Cattle Current Daily—June 17, 2019

Cattle Current Daily—June 17, 2019

Negotiated cash fed cattle trade appeared steady to either side of even in two regions through Friday afternoon.

Live sales in the western Corn Belt, was mainly steady at $114-$115/cwt., while dressed sales were steady to $2 higher at $184-$186.

The Texas Cattle Feeders Association reported its members trading at $112, which was $1 less than the previous week.

Cattle futures continued to soften Friday with continued pressure from rising grain prices.

Live Cattle futures closed an average of 56¢ lower.

Feeder Cattle futures closed an average of 88¢ lower amid extremely light trade.

Wholesale beef values were steady on Choice and lower on Select with light to moderate demand and moderate to heavy offerings, according to the Agricultural Marketing Service.

Choice boxed beef cutout value was 13¢ higher Friday afternoon at $222.23/cwt. Select was $1.95 lower at $202.76.

Corn futures closed 4¢ to 11¢ higher through Jul ‘20 and then mostly fractionally lower to 3¢ lower.

Soybean futures closed 5¢ to 8¢ higher through May ‘20 (mostly 8¢) and then mostly 1¢ to 3¢ higher.

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Major U.S. financial indices closed lower Friday. Pressure included a decline in chipmakers, tied to U.S. sanctions against China’s Huawei.

The Dow Jones Industrial Average closed 17 points lower. The S&P 500 closed 4 points lower. The NASDAQ was down 40 points.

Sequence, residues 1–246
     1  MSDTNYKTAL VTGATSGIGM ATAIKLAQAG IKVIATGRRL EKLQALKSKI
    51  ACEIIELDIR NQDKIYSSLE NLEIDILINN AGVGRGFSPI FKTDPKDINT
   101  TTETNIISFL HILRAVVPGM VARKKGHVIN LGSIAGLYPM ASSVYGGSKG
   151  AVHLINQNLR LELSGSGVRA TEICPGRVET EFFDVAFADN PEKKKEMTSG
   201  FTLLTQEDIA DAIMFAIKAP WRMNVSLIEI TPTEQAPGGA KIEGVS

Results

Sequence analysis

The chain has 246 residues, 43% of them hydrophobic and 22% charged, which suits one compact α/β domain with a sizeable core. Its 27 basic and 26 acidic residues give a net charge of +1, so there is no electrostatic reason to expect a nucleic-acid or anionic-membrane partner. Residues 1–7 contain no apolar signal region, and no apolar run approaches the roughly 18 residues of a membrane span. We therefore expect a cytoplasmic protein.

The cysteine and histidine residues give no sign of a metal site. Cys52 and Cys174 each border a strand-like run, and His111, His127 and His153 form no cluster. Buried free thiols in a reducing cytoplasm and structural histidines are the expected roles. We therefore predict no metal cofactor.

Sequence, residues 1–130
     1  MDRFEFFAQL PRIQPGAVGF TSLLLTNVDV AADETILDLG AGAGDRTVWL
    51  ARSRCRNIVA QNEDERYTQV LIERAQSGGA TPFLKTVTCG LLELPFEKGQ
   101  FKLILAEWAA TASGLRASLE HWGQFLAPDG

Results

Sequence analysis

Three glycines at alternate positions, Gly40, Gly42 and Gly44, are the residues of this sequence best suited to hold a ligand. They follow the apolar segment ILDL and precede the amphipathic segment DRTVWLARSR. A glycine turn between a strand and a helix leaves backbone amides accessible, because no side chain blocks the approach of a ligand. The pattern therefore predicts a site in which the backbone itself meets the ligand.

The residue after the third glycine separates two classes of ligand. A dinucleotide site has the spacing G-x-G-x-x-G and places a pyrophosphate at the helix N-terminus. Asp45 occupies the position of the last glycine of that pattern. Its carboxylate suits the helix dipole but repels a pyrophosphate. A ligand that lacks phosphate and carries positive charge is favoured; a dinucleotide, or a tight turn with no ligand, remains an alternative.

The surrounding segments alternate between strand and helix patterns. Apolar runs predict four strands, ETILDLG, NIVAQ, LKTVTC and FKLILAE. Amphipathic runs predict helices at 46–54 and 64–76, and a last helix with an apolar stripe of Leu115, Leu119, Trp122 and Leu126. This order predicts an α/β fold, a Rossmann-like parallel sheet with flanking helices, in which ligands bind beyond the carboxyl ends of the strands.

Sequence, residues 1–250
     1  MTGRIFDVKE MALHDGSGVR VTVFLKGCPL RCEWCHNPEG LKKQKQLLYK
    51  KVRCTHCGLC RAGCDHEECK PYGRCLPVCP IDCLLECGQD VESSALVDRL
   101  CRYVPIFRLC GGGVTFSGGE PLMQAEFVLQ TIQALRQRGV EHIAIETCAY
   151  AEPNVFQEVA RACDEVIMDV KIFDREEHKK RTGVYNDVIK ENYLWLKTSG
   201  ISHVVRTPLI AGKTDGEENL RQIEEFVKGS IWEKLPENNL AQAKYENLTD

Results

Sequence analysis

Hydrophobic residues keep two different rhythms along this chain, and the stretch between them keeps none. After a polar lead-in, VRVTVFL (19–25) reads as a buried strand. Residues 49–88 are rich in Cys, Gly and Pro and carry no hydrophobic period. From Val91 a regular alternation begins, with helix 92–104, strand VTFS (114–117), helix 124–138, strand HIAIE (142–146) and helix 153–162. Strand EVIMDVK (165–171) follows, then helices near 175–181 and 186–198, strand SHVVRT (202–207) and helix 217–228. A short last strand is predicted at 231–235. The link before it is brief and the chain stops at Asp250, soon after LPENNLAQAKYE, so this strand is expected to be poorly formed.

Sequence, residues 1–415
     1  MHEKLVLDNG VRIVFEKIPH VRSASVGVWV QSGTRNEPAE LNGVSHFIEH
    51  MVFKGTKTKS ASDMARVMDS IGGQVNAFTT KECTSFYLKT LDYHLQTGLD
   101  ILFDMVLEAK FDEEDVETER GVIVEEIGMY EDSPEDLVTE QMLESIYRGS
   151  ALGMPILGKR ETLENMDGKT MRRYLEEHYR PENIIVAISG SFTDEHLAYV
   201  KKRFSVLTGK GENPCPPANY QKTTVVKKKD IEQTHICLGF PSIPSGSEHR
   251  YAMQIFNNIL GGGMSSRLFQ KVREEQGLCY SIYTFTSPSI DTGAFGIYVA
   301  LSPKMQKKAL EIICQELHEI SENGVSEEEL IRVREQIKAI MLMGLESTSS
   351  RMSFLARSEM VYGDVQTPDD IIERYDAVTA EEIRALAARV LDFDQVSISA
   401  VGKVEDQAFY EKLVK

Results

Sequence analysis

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With the weather and flooding continuing to wreak havoc across the Northern Plains and Midwest, the Livestock Marketing Information Center (LMIC) reduced  its outlook for hay yield and increased the expected price.

Keep in mind, hay prices were already sharply higher year over year, in the latest USDA Agricultural Prices published at the end of last month. At $199/ton in April, alfalfa was $16 more than the previous year and $15 more than the previous month. At $151/ton, other hay was $27 more than last year and $4 more than in March of this year.

In the latest Livestock Monitor, LMIC notes new seedings of alfalfa in those aforementioned areas—about half of all new seedings—are likely struggling.

“Winterkill was also potentially an issue in these areas, as this winter was not the kindest either,” say LMIC analysts. “It is unknown how many of those fields face irrecoverable situations, but for now, we assume that, should the fields dry out, those acres will still be harvested, but may lose a cutting.”

2019-06-16T13:23:28-05:00

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